So, as a consequence of the conference, it seems business and schools will work together more effectively. If as a result of our intervention at the conference, we make this happen more quickly, so much the better!
Today, Business in the Community has launched “Responsible Business Week 2015”. Red Potato are very happy to support #RBWeek. Red Potato will (fingers crossed!) be offering a great work placement opportunity for a local student to develop some funky stuff, later this week. More news on that after the interviews!
Responsible Business Week got us thinking…shouldn’t every week be “Responsible Business Week”? Isn’t it good business practice that a business needs to have roots in the communities it serves?
Continue reading #RBWeek
On Christmas Eve, as England experienced unseasonal heavy rain and high winds, Red Potato received an enquiry from Pakistan to supply us with several containers of white potatoes. The variety of potato? Santa. Yep, you can’t make it up, someone on Christmas Eve, wanted to sell us white Santa potatoes!
It may not have been a scam, but it made us laugh all the same.
The Red Potato company brand is about being flexible, versatile and down to earth – much like the humble potato. We also have a company compost heap which is used to grow Red Spuds, but there the similarity ends. The core business for Red Potato is about working in partnership with organisations who want better insight and stronger economic engagement with local communities. By working together we attract investment to an area, help new entrepreneurs learn from seasoned entrepreneurs, create snappy animated films to demonstrate project outcomes and help public sector organisations engage with local business communities.
Red Potato has recently been accepted onto the UKTI East “Passport to Export” (P2E) programme. What has been very helpful is the opportunity to talk to the local International Trade Advisor at UKTI East. We’ve discussed things such potential liability from unsolicited enquires for Santa spuds on Christmas Eve, what practical steps to take about making your website attractive to overseas buyers and the merits of different routes to market. And we’ve not even been on the P2E workshop yet!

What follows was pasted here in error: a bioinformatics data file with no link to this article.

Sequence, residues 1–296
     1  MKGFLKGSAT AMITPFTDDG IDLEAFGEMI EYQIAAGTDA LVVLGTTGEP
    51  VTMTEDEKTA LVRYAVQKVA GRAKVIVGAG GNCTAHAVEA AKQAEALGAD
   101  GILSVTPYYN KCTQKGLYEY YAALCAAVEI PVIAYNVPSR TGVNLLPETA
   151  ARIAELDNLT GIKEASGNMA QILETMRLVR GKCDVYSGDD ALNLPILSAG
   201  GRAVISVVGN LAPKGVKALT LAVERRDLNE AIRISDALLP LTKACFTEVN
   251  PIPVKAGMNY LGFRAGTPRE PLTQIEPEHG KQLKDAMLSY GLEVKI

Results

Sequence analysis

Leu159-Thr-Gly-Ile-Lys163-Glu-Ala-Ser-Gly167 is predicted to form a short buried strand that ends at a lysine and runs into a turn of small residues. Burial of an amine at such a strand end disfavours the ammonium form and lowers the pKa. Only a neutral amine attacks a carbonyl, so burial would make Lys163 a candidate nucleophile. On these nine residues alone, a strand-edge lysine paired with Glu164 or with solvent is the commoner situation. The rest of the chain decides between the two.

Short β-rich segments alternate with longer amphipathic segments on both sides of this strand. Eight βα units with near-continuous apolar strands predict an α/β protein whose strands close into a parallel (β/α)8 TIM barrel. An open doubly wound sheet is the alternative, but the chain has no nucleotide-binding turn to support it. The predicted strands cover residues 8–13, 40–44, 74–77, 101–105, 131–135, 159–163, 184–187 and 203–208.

All this means is that hopefully before the next crop of Santa spuds have been harvested Red Potato will be trading successfully abroad.
The florist said “they never send me anyone who can work out the cost of half a dozen flower stems to make a bouquet and be trusted to write a greetings card without making a spelling mistake”. Everyone nodded their heads in agreement and the discussion moved on.
We were talking about apprenticeships at one of the many business networking groups that run each week across the UK. These networking groups attract business owners from small local businesses, with the prospect of building new business contacts and new clients over breakfast. Small and medium sized enterprises (SMEs) accounted for 99.9% of all private sector business in the UK, employ 14.1 million people and have a combined turnover of £1,500 Billion, so they need to be on board when it comes to apprenticeships. The conversations we’ve had with many SME business owners suggest that the comment from the florist is not untypical, and there is some scepticism about apprenticeships, particularly among small and micro-size businesses.
Yet Recent research by ICM showed that employers rated qualified apprentices 15% more employable than those with other qualifications. On closer inspection the employers interviewed were mostly large blue chip corporates, with HR departments and dedicated staff who can focus on employee learning and development. In SMEs the business owner, may also be in charge of HR, aswell as cashflow, sales, marketing and production – it is no wonder that anecdotal evidence suggests that small and micro businesses are not taking on apprentices.
The reasons for low take-up of apprentices by SMEs vary, but the two most often reasons cited were the inability of recruit someone with the right skills and competencies and secondly that there was insufficient work to employ a new fulltime employee for at least 30 hours per week – one of the criteria for recruiting an apprentice. Perhaps surprisingly none of the business owners we spoke with said that they weren’t prepared to take on an apprentice because of the time to train and develop a new person. Business owners understand the need for a succession plan – and they want to make sure that any apprentice coming into the business has the core competencies they expect of other employees.
In many ways setting a “high bar for entry” is reassuring and a good sign. The Apprenticeships Agreement “reflects the fact that an Apprenticeship is primarily a job rather than training”. So business owners are right to have the same expectations of an apprentice joining their business as they would for any other employee.